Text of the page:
Order Caprimulgiformes / Nightjars, Frogmouths, & Oilbirds

    order caprimulgiformes

    The classification of the various birds in this order Caprimulgiformes has been controversial and complicated over the years, especially for the nightjars.

    According to the ITIS database, Caprimulgiformes order has two direct families, but nightjars family (Caprimulgidae) is the largest one. The bird order Caprimulgiformes contains birds such as nightjars, frogmouths, and oilbirds. These birds are distributed all over the world except Antartica.

    The two families of this order are Podargidae (Frogmouths) and Caprimulgidae (nightjars). There are about 114 Caprimulgiformes species in this bird order.

    Caprimulgiformes Pronounciation

    Caprimulgiformes Characteristics

    All of the birds in the order share several features:


    • As the name suggests, nightjars and their relatives are usually active at twilight or night.
    • Caprimugiformes have large heads with large eyes.
    • The bills of these birds can open very wide-this feature is called wide gape.
    • As the birds in the order are mainly nocturnal, they have a simple coloring rather. The feathers are usually black, brown, grey, and sometimes brownish yellow or red.
    • Some species may also have patterns on their bodies.
    • Most of the birds in the order are relatively small, from 6 to 16 inches, and are also of low weight.
    • The wings and tails of Caprimulgiformes birds are long.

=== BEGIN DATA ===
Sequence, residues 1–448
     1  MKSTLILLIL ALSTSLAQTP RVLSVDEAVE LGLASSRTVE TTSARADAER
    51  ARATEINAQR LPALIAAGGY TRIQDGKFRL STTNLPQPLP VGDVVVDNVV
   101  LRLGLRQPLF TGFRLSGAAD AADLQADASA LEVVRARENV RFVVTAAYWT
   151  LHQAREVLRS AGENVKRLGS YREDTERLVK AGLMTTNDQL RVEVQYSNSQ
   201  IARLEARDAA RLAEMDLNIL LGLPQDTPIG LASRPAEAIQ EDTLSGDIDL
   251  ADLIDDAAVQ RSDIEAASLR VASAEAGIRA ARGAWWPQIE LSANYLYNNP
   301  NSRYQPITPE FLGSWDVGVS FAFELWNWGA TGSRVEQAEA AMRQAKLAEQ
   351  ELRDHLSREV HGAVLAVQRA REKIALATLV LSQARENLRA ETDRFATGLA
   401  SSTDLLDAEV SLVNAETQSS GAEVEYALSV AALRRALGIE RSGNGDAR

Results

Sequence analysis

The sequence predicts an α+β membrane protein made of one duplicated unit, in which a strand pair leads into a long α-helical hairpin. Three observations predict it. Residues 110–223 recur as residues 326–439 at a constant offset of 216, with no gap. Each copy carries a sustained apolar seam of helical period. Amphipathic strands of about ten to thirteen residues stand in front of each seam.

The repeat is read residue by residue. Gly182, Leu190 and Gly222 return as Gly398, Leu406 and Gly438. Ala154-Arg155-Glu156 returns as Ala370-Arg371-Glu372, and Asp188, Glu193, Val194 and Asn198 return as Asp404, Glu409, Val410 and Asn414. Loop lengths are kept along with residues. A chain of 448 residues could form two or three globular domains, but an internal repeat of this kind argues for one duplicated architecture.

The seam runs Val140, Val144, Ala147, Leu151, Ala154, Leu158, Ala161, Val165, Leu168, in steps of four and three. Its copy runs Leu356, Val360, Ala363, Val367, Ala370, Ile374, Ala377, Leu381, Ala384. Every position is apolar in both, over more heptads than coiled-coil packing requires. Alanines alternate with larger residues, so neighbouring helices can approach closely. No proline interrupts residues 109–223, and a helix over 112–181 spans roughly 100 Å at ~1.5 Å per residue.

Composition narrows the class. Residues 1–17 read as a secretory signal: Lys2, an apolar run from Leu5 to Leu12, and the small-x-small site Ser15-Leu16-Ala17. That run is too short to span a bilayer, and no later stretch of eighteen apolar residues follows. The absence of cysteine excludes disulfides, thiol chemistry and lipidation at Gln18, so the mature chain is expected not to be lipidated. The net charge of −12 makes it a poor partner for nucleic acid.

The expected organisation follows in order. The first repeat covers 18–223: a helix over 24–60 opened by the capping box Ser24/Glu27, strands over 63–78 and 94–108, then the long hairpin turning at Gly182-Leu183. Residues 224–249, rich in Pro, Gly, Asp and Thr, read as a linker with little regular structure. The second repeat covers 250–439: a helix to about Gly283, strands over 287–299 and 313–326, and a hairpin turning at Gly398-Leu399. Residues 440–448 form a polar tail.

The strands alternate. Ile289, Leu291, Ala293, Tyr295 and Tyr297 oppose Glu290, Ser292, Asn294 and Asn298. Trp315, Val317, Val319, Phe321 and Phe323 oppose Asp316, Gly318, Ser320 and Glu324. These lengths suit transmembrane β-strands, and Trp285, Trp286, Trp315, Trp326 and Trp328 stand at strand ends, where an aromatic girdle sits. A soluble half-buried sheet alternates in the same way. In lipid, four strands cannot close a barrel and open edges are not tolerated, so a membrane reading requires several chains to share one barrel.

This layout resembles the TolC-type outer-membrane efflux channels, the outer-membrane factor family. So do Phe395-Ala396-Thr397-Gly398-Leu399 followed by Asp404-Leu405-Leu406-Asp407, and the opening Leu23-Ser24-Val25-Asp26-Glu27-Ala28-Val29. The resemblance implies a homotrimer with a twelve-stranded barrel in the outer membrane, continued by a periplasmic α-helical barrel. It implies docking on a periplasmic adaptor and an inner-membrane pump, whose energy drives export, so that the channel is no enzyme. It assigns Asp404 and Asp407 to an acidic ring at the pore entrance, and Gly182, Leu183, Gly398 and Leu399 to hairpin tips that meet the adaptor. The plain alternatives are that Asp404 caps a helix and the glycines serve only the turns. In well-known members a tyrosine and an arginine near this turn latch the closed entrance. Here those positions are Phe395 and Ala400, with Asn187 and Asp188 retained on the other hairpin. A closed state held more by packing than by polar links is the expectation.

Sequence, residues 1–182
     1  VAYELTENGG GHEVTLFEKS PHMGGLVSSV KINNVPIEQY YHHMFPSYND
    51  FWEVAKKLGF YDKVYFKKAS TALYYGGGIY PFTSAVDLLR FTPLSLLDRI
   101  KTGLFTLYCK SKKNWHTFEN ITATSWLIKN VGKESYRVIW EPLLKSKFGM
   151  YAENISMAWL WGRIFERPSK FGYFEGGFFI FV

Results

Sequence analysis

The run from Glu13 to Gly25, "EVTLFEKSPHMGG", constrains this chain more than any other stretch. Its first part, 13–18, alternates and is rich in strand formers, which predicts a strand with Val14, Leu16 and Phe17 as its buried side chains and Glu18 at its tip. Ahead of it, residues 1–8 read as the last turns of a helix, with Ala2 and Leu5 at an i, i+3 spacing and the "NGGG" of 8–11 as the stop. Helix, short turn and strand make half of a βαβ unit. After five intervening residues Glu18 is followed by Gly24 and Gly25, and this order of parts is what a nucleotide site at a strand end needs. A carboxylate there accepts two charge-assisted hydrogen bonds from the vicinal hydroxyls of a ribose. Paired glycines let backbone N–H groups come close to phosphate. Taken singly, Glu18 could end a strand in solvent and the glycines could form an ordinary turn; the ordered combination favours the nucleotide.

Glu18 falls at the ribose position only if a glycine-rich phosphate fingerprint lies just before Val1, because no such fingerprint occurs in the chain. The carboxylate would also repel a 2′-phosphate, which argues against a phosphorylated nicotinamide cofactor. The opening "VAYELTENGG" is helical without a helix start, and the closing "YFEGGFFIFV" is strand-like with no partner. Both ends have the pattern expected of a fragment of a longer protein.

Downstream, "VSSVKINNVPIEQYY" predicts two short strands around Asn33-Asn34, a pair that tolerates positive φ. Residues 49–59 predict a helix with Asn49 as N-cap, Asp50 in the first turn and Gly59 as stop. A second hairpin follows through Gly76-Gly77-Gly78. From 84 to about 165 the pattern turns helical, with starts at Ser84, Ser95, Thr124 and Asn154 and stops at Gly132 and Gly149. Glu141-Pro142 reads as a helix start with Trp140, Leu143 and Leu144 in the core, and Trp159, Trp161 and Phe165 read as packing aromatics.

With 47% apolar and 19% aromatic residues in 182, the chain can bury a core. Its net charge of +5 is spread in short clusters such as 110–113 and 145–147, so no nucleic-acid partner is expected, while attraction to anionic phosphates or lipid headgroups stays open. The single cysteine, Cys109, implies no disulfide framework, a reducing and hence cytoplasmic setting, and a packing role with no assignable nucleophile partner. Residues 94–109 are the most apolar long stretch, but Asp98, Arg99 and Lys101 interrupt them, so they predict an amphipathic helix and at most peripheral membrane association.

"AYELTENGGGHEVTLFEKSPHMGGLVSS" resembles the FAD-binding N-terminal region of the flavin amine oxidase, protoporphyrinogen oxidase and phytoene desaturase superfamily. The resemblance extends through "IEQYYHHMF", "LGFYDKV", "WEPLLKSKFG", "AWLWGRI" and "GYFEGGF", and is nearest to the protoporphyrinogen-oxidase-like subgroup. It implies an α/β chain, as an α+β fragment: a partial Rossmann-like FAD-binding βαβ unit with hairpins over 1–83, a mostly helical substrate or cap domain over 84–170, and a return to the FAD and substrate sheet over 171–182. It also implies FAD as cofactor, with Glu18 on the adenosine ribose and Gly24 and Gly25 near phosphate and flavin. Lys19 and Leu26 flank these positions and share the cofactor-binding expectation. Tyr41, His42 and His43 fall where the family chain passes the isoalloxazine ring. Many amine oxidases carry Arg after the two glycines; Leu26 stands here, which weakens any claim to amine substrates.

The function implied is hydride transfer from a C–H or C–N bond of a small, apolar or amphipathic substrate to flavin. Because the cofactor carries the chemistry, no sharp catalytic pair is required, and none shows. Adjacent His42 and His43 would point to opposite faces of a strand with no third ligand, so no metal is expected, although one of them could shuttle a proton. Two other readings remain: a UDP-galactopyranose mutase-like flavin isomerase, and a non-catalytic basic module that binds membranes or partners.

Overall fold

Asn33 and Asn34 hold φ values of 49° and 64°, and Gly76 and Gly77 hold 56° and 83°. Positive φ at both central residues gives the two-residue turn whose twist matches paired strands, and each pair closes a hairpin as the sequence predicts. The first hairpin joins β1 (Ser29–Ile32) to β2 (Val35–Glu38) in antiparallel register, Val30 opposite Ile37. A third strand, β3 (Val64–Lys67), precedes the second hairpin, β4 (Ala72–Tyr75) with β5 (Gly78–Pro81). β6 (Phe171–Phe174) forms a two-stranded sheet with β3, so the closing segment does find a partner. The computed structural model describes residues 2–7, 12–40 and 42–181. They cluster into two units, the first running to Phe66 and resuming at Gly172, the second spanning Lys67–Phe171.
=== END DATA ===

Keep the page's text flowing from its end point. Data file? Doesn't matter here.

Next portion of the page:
• Another prominent feature of this order is the presence of a serrated claw on the middle toe. The serration often resembles teeth of a comb.
    • These birds mainly feed on insects; some catch them in the air, while other species find them in the ground.
    • The nesting habits vary from species to species. While some birds do not make any nest whatsoever, others build a nest on trees on a nest in caves.
    • Both parents feed the chicks that develop for approximately 20 days.
    • These birds are known for well-developed voices; the sounds they make can often be heard at night and are sometimes subject to legend.
    • The birds of this order can be found around the world, except some islands and Antartica.

    Caprimulgiformes Aves / Species

    Here are some typical representatives of this order:


    • Oilbird, Steatornis caripensis
    • Wallace’s owlet-nightjar, Aegotheles wallacii
    • Mountain owlet-nightjar, Aegotheles albertisi
    • Tawny frogmouth, Podargus strigoides
    • Gould’s frogmouth, Batrachostomus stellatus
    • Solomon’s frogmouth, Rigidipenna inexpectata
    • Rufus potoo, Nyctibius bracteatus
    • Andean Potoo, Nyctibius maculosus
    • Common nightjar, Caprimulgus europaeus
    • Pennant-winged nightjar, Semeiophorus vexillarius

    Cite This Page

    BioExplorer.net. (2023, June 01). Order Caprimulgiformes / Nightjars, Frogmouths, & Oilbirds. Bio Explorer. https://www.bioexplorer.net/order-caprimulgiformes/.
    BioExplorer.net. "Order Caprimulgiformes / Nightjars, Frogmouths, & Oilbirds" Bio Explorer, 01 June 2023, https://www.bioexplorer.net/order-caprimulgiformes/.
    BioExplorer.net. "Order Caprimulgiformes / Nightjars, Frogmouths, & Oilbirds" Bio Explorer, June 01 2023. https://www.bioexplorer.net/order-caprimulgiformes/.

    Key References

    • [1] – “ITIS Standard Report Page: Caprimulgiformes”. Accessed May 30, 2019. Link.
    • [2] – “Nightjars: Caprimulgiformes – Physical Characteristics – Birds, Family, Wings, and Species – JRank Articles”. Accessed May 30, 2019. Link.


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